My favorite card is The Moon, showing Hecate with her wolves. Eye of Horus did a full review of the deck when it first came out. (In fact, Ellen Dugan had her launch Party at Eye of Horus. Click here to read that article

 

The Green Witch Tarot by Ann Moura, Art by Kiri Østergaard Leonard
Ann Moura has done a great job remaking the Major Arcana for people who wish to deepen their personal relationship to nature, the elements, and Earth magic. At the same time the images are compatible with general Rider-Waite-Smith concepts. Every borderless card includes a plant and animal symbol, and each one is explained in the book, so it is a great way to expand your knowledge. Kiri Østergaard Leonard’s art is soft-edged and luminous yet captures plenty of detail. I appreciate that several of the images are racially diverse.

My favorite card is The Lovers, named here The Lady and The Lord.

The Everyday Witch Tarot by Deborah Blake, Art by Elisabeth Alba
Deborah Blake has authored several books on witchcraft, and she is known for her down-to-earth style and wit. The colors of The Everyday Witch Tarot are vivid and lively but not garish. The cards display the familiar symbols of witch’s hat, broom, cauldron and cat familiar in scenes ranging from medieval to modern. Some images are purposely androgynous, which I appreciate. The book goes beyond traditional meanings of the cards in a section called “Things to Consider” with questions and suggestions for applying each card to your life.

I couldn’t pick a single favorite card, because I like The Moon and The Tower so much. They reflect power and humor at the same time. Read Jane’s First Impressions of the Every Day Witch Tarot here>

Susan Lynx is available for tarot readings at the Eye of Horus. Schedule your appointment with Susan today through our website!

Witches Tarot Deck by Ellen Dugan – Inside the Box

Witches Tarot Deck by Ellen Dugan – Inside the Box

Back of the Witches Tarot Cards - Triple moon in stars

Witches Tarot Back

Review by Jane R Hansen

How do you make a Tarot Deck for Witches: No, not the pointy-hat halloween kind of witches, but Wiccans and others who practice the Craft of the Wise?  Well, I suppose it’s like stirring a good spell. You bring everything you know to the table and select just the right ingredients to get the job done, and you work with nature, make room for the magick, and create a clear image to manifest. This seems to be what Ellen Dugan has done in her Witches Tarot, as she worked with award-winning illustrator Mark Evans to take the traditional symbols of the Rider-Waite-Smith deck and brought in a supporting cast of plant, animal and otherworld folk. She also renamed four of the major arcana cards with slightly different names. But more on that later in this review.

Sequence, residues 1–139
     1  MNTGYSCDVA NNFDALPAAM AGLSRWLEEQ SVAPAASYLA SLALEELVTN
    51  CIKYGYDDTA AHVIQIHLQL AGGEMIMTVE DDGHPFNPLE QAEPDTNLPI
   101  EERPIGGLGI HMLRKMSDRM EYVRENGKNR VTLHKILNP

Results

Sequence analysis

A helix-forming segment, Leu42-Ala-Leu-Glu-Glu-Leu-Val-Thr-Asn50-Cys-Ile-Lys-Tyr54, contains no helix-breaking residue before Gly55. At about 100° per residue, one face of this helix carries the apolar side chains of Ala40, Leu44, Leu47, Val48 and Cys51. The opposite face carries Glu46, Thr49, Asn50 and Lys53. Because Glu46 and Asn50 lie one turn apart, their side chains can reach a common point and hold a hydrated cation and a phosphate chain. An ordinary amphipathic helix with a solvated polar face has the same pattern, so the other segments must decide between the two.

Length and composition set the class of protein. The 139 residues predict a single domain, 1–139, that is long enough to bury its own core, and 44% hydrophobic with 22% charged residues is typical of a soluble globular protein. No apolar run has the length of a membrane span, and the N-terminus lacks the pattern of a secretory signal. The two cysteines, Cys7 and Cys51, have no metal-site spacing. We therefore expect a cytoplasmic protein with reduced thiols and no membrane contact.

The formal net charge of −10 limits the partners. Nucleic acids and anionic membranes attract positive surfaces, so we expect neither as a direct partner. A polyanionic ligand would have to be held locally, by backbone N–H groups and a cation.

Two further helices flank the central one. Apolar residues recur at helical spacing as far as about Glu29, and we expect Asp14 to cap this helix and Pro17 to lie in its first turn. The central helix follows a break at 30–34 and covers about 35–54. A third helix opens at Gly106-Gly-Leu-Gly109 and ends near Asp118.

Her companion guide spells it all out in detail. You can definitely read with the deck right out of the box, if you are adept with the Rider-Waite-Smith (RWS) type deck. The renamed Major Arcana make sense, and the rest of the art is mostly a variation on the “standard” art of the RWS deck.

Queen of Wands with cat on lap from Witches Tarot Deck

Queen of Wands

Flora and Fauna

For you herbalists and gardeners out there, pay attention to the plants in the cards. Ellen put some serious thought into the meanings… she isn’t known as “The Garden Witch” for nothing, you know. The Monkshood in the Ten of Swords. Not only is the plant poisonous, but in the language of flowers, monkshood says a foe is near.  This gives double weight to heed the warning of the card to pay attention to your instincts and keep your back to the wall! Throughout Witches Tarot, the flowers and plants have meaning and they are explained in the companion book.

Seven of Cups Witches Tarot Deck

Seven of Cups

What is a witch without her familiar? For you cat-lovers, our favorite familiars do show up in expected and unexpected places.  The Queen of wands has a friend on her lap, but the seven of cups also has a the kitty in a cup. Awe, isn’t that cute! But you’ll also find our feline friends on the High Priestess, Page of Wands, Two of Wands and the Three of pentacles. That’s not even counting the Lion in strength or on the World Card.

But wait, there’s more! Yes, as you wander through the world of Witches Tarot you’ll see a rabbit, stags, ravens, an eagle, hawks, lions, horses, an ibis, wolves, a dolphin, butterflies, dragonflies, a white hind and I’m sure there’s more I didn’t spot when compiling this listing. Best of all, with everything that’s in there, it never seems out of place. [Read more…]